Thursday, June 23, 2011

Dear Mr. Nevius: Sixth St. is a containment zone

I shouldn't write edifying letters to newspaper columnists. It's a waste of time and it annoys the columnists. This one is to C.W. Nevius, current occupant of the pseudo-Breslin chair at the San Francisco Chronicle. On second thought this would have been more fun to explain in terms of "Escape From New York" but oh, well.

Dear Mr. Nevius,

You're missing a whole world of urban/carceral theory when you talk about Sixth Street as merely "two blocks" in need of cleanup. I really suggest you read some of the work by Michel Foucault and his heirs. It just doesn't make logical sense to think of Sixth Street as a place that the city authorities treat like any other place but whose residents have just willfully chosen to be difficult -- and deep down I think you know better.

In fact, Sixth Street is a containment zone where the police (with help from landlords, neighborhood watch groups, etc.) push difficult people to go so they will not trouble quieter blocks. If you're sensing some resistance in the police department to creating a substation there, it's likely because, if Sixth Street were policed like other parts of the city, the police would have to go to the trouble of creating a new containment zone somewhere else to serve Sixth Street's function.

The purpose of a containment zone, as Foucault explains, I think primarily in Discipline and Punish, is first to serve the basic purpose of a forcibly created ghetto -- to segregate a social group viewed as bad. This doesn't only "protect" the rest of the world from "contamination." As writer Jane Elliott explains in the context of anti-protest "kettling", containment has the additional function of making forcibly ghettoized people docile by crushing them together and forcing them to focus on meeting basic needs:
"Inside the kettle, we might have operated as a community of a sort, but we were one robbed of basic rights, stripped of public services, and denied any collective voice. And, in this state, we could be allowed to be lawless simply because it didn’t matter what we did. To put it another way, a kettle offers a pretty good picture of what’s left of “society” once government has withdrawn all resources and legitimacy from it in the fashion neoliberalism desires."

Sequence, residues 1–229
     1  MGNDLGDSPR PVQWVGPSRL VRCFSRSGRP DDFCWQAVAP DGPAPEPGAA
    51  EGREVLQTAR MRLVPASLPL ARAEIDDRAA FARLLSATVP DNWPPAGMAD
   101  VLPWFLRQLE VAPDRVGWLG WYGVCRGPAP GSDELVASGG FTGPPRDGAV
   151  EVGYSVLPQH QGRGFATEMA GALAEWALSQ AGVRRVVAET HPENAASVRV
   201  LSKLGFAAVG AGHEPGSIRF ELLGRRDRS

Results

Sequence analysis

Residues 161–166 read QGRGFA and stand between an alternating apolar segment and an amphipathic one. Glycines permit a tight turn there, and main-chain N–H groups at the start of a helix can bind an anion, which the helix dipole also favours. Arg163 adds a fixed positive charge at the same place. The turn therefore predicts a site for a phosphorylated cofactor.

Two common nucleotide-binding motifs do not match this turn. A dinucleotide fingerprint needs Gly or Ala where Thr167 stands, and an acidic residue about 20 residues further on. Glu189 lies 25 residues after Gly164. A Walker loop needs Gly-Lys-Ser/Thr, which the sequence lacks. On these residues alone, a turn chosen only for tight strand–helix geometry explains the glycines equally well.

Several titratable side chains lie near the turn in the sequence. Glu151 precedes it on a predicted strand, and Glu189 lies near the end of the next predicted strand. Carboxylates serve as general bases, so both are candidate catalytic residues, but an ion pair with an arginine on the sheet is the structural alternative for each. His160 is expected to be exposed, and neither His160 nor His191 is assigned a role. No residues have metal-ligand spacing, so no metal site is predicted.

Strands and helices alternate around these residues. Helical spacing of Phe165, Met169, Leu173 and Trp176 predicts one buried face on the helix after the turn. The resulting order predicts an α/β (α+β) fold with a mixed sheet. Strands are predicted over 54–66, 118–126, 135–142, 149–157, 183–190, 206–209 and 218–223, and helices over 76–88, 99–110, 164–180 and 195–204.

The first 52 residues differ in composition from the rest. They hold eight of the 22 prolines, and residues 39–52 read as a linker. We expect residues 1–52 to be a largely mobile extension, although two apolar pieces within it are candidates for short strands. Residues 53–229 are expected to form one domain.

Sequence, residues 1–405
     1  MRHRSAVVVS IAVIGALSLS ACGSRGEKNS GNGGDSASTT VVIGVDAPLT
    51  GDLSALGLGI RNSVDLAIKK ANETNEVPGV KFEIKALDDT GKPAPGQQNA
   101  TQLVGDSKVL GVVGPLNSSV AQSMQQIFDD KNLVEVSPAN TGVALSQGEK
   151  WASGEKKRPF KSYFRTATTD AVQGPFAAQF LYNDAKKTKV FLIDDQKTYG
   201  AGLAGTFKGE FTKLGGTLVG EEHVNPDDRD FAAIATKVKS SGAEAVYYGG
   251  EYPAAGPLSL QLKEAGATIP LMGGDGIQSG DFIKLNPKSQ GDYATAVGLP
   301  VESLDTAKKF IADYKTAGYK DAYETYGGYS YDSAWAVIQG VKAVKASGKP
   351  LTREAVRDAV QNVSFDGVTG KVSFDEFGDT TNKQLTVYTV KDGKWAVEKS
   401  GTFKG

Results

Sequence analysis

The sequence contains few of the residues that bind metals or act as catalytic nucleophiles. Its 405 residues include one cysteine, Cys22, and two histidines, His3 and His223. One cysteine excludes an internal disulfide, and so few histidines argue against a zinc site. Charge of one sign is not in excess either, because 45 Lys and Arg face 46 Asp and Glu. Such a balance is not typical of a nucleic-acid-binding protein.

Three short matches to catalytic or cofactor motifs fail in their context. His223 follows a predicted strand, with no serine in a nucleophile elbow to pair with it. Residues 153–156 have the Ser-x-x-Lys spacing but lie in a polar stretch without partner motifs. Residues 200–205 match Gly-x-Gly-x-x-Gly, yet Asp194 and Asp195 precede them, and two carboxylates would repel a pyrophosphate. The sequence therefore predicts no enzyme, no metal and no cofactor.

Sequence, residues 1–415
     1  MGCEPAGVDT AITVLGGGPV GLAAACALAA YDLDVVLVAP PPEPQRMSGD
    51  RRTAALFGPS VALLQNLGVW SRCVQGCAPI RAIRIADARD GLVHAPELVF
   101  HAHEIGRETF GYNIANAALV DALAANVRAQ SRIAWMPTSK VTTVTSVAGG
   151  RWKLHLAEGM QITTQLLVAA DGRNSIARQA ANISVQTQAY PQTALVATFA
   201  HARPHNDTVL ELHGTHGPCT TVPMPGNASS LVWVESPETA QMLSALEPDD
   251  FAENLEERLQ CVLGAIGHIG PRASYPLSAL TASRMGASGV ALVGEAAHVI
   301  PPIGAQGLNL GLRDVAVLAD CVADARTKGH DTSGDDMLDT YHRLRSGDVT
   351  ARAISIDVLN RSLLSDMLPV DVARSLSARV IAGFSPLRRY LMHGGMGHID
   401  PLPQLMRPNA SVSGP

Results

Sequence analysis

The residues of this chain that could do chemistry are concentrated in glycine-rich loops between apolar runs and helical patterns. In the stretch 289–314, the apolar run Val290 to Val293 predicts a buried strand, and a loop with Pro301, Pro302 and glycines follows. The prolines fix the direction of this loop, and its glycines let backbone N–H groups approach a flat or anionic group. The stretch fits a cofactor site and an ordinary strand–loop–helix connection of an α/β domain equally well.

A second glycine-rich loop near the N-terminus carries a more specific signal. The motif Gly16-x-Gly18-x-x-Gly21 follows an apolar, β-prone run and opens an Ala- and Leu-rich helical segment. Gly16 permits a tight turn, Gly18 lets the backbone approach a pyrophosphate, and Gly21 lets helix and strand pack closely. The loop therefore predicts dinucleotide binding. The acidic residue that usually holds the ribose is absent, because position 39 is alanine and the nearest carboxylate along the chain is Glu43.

That sounds a lot like Sixth Street, doesn't it?

An additional purpose of a containment zone is to function as a convenient barrel -- or, in your phrase, a "can of worms" -- whose occupants can be easily watched, and from which it is easy to pull out any given fish or worm who may be wanted for arrest or questioning. This is why, as the Chronicle has lately reported, police sometimes don't bother with frills like the Bill of Rights when they go pounding through the doors of rez hotels on Sixth Street or in parts of the Tenderloin. I think they view the whole containment zone as an extension of the county jail system, so the notion of its inmates having rights like regular people is just weird to them.

Mike Davis has done some helpful if fanciful writing about the similar "homeless containment zone" of Skid Row in downtown LA. It's worth a read.

But really, on the level, I think you know about the containment zone function. I think you're being naive on purpose for the suburbanites who don't know any better, who only visit Civic Center for the musical theater matinees.

Hey, as long as you're talking to the matinee-goers, you could do a public service by warning them off parking on the east side of Eighth Street just below Market. You wouldn't think so, but I swear that sidewalk opposite the Holiday Inn gets more broken car window glass than any other South of Market.


Martha Bridegam

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